The Monocle Minute

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The week ahead, opportunities and observations
Saturday 1 July 2017

Conference

Pretty in print

Monocle’s media-makers reveal their secret to staying in business: beautiful design.

One topic that was bound to come up at Monocle’s third Quality of Life Conference yesterday was the fate of print. At the media-makers panel, Christoph Amend, editor in chief of Zeitmagazin, and Penny Martin, editor in chief of The Gentlewoman, joined Monocle’s Tyler Brûlé on stage in Berlin to discuss what gives their titles the edge. And Amend had the answer: “People want a beautifully designed magazine to walk around and be seen with. The newspapers and magazines that are struggling are those that are not beautifully designed and printed.” Pair strong design with good reporting and you’ve got yourself a promising publication. “Especially in these times of Brexit and Trump, people have realised the importance of quality journalism.” Magazines have become a remedy to all that digital noise, it seems.

Culture

Her masterwork

Carrie Lam is keen to support culture in Hong Kong – a city that’s used to blending art and politics.

Hong Kong swears in its new leader today and the incoming chief executive, Carrie Lam, is painting herself as a patron of arts and culture in the city. “I’d love to see more blockbuster art events in Hong Kong,” she said during an interview with Monocle. “The only constraint we now face is a shortage of exhibition venues.” Lam’s first term should coincide with the opening of the landmark West Kowloon Cultural District, which she chaired for more than four years in her previous role as the number two in the Hong Kong government. The former civil servant is also keen to take art outside of museums and was instrumental in bringing Antony Gormley’s Event Horizon touring exhibition to Asia in 2015. Hong Kong is no stranger to street art: an array of temporary outdoor installations became a visible symbol of the pro-democracy yellow umbrella protests that undermined her unpopular predecessor CY Leung.

Conference

Shops go pop

The boom in pop-up shops that is set to shake up our retail landscape.

“By 2030, 40 per cent of retail will be courtesy of pop-ups.” So says Mohamed Haouache, chief executive of Storefront, which is known as the “Airbnb of retail”. Speaking at a panel on the future of retail at Monocle’s Quality of Life conference in Berlin yesterday, Haouache also said that the rapidly shifting shopping landscape will soon mean that landlords will need to rethink how they lease out space. He suggested offering cheap or even free rent in exchange for the cachet that retail brings to neighbourhoods – which, in turn, adds value to nearby residential properties.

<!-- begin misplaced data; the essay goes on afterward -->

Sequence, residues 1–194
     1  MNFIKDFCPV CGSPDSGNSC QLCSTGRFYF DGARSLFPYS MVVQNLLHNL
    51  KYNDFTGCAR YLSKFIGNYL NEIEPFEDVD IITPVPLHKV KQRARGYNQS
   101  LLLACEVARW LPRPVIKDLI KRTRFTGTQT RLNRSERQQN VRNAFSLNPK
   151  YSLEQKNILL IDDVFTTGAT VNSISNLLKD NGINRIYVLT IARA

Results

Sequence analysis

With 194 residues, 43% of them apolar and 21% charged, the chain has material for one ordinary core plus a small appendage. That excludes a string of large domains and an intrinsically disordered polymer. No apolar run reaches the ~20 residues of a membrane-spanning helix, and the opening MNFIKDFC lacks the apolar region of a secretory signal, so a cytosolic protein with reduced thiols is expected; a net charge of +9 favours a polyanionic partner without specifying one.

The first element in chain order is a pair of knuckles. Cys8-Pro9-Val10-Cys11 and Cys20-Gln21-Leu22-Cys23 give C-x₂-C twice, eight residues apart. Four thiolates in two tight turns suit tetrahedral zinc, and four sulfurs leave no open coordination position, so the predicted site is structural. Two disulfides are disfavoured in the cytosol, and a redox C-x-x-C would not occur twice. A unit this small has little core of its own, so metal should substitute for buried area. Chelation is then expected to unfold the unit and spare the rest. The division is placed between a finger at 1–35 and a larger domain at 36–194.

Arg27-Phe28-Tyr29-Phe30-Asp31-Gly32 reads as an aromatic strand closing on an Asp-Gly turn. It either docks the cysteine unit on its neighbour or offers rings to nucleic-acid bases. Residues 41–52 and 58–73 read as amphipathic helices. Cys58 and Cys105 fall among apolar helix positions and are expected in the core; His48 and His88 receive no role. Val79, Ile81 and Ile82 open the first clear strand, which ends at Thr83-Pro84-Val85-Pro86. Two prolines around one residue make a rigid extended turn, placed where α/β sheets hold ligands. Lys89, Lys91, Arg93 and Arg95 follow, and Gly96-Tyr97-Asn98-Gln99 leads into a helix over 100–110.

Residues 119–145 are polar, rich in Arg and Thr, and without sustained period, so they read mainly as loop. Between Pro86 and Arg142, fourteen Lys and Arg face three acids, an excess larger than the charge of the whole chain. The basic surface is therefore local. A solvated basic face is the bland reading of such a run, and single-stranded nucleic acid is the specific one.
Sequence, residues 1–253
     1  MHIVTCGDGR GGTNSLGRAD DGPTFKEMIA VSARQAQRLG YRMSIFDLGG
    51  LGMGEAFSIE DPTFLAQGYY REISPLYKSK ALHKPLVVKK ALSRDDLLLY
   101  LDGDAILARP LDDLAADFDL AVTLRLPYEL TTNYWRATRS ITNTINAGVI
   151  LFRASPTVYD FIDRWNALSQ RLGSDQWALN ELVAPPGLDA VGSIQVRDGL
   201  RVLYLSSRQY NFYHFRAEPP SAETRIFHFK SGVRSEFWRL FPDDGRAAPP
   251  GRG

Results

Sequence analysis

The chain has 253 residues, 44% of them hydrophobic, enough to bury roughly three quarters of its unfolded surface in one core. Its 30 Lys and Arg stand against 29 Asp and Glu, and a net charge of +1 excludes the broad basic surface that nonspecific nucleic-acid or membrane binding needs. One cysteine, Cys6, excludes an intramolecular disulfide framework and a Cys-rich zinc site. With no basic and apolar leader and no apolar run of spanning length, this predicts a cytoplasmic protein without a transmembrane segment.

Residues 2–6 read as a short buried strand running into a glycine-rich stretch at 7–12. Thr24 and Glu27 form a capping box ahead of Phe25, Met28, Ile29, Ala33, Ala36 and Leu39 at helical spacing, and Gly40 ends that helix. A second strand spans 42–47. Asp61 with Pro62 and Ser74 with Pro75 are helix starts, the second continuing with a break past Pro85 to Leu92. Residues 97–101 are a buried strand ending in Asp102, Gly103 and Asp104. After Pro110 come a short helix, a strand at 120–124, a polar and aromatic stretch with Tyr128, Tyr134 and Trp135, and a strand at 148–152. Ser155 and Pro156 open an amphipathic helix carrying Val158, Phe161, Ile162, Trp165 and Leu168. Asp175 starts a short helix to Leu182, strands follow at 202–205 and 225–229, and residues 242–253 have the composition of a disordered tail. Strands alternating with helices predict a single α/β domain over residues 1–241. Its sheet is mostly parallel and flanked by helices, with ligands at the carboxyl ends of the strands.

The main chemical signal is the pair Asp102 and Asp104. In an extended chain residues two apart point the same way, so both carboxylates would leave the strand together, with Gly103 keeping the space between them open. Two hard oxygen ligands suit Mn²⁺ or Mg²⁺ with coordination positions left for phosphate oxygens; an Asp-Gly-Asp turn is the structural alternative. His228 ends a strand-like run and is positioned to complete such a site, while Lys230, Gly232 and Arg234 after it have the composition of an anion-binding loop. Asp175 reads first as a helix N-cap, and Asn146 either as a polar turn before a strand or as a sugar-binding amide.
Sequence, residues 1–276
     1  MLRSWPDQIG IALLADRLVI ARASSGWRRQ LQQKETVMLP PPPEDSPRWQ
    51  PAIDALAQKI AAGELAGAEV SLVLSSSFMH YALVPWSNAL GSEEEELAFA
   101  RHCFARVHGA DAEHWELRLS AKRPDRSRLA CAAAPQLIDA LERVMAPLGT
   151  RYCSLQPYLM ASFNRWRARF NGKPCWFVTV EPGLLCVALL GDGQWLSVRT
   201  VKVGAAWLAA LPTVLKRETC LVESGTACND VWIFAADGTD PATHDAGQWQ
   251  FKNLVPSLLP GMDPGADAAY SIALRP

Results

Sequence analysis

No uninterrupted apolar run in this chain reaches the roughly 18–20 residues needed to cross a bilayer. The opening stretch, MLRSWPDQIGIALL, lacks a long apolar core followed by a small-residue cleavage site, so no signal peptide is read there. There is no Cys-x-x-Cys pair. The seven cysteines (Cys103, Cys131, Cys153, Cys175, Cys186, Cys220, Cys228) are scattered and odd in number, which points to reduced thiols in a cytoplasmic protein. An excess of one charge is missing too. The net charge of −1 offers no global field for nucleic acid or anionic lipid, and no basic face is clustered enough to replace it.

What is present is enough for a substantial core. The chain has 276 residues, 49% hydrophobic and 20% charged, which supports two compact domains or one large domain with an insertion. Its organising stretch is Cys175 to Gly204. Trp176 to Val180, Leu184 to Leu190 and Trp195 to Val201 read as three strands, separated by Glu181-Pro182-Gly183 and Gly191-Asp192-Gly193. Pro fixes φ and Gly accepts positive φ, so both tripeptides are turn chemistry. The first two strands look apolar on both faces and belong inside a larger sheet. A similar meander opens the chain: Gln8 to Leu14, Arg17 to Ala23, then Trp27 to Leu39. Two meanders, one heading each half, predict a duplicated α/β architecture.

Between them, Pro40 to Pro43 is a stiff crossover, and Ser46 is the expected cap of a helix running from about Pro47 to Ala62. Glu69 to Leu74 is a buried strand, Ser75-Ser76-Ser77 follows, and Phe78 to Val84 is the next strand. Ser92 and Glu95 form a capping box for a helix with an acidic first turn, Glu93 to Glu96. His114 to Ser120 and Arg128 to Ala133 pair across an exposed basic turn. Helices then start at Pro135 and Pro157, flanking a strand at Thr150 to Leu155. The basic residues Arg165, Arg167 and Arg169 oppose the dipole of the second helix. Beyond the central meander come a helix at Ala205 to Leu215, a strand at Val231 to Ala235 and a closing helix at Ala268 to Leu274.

Retail

Buy the book

A Paris hotel is bringing one magazine’s pages to life in its pop-up shop.

Magazines and shops seem to go hand in hand in Paris. Hot on the heels of the Holiday magazine shop opening at the end of June comes a Cabana magazine store – although sadly this one is just a pop-up. From tomorrow, Hôtel Le Bristol Paris will get a makeover thanks to magazine founder Martina Mondadori, who will unveil her collection of clothing, ceramics and homeware that has been specially made for the event. The shop will also offer collaborations and a selection of jewellery made by Osanna Visconti. Everything is handmade and, according to Mondadori, it took more than two years to source the craftsmen from countries including Hungary, Italy and Spain. And for that special French touch? Designer Olympia Le Tan has made a minaudière (small handbag) in Le Bristol’s colours.

From Monocle 24

London’s art scene and the death of the rock star

The Arts Review

We delve into the world of art with three new exhibitions in London and this year’s Art Basel. Christopher Lord is joined in the studio by head of content for the Lisson Gallery, Ossian Ward, and private art adviser and dealer Kathlene Fox-Davies. Plus: we speak to music journalism legend David Hepworth about his new book ‘Uncommon People’.

From Monocle Films

Quality of Life Survey: top 25 cities, 2017

From Amsterdam to Zürich, find out who’s up and who’s down in our global ranking of the best cities in the world to live in.

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